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On the Expected Total Number of Infections for Virus Spread on a Finite Network
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**Abstract :**
In this paper we consider a simple virus infection spread model on a finite population of $n$ agents
connected by some neighborhood structure. Given a graph $G$ on $n$ vertices, we begin with some fixed number of
initial infected vertices. At each discrete time step, an infected vertex tries to infect its neighbors with probability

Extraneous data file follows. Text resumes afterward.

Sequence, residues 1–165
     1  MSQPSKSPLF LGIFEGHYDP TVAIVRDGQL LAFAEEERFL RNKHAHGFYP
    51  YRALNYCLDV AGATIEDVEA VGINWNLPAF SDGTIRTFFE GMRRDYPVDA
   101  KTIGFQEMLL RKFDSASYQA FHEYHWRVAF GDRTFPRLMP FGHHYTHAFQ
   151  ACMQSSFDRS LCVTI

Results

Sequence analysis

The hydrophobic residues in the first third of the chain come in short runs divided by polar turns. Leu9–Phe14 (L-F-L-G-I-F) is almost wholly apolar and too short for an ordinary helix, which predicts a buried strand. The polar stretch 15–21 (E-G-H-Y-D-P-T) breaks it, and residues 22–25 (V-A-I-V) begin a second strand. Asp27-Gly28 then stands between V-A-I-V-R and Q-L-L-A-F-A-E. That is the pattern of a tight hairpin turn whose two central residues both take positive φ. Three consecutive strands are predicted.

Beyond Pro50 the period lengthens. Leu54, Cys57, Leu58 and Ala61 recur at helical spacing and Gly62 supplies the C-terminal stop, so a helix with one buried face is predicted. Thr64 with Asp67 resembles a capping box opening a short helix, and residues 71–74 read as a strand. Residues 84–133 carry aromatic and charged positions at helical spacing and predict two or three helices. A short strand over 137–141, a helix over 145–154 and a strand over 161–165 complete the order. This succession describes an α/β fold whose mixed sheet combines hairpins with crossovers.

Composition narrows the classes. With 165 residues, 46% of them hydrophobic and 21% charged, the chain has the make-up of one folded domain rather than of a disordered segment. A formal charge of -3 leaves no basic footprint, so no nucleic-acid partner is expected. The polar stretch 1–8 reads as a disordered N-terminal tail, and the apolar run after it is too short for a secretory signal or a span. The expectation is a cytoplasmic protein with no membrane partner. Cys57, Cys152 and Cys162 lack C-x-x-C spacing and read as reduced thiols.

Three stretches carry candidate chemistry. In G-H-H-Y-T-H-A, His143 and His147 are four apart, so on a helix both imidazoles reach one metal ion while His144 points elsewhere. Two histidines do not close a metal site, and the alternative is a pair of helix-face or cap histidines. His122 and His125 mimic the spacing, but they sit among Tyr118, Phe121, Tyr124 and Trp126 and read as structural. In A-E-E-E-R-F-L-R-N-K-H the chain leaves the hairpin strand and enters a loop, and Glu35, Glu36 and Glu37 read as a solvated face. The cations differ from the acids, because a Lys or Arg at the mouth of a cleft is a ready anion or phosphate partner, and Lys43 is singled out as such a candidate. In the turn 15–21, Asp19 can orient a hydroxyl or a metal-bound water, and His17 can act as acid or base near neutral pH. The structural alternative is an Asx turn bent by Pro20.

$\beta \in (0,1)$ independently of others and then it dies out. The process continues till all infected vertices die out.
We focus on obtaining proper lower bounds on the expected number of ever infected vertices. We obtain a simple lower bound,
using *breadth-first search* algorithm and show that for a large class of graphs which can be classified as the ones which
locally ``look like'' a tree in sense of the *local weak convergence* [Aldous and Steele (2004)], this lower bound gives better approximation than
some of the known approximations through matrix-method based upper bounds [Draief, Ganesh and Massoulie (2008)].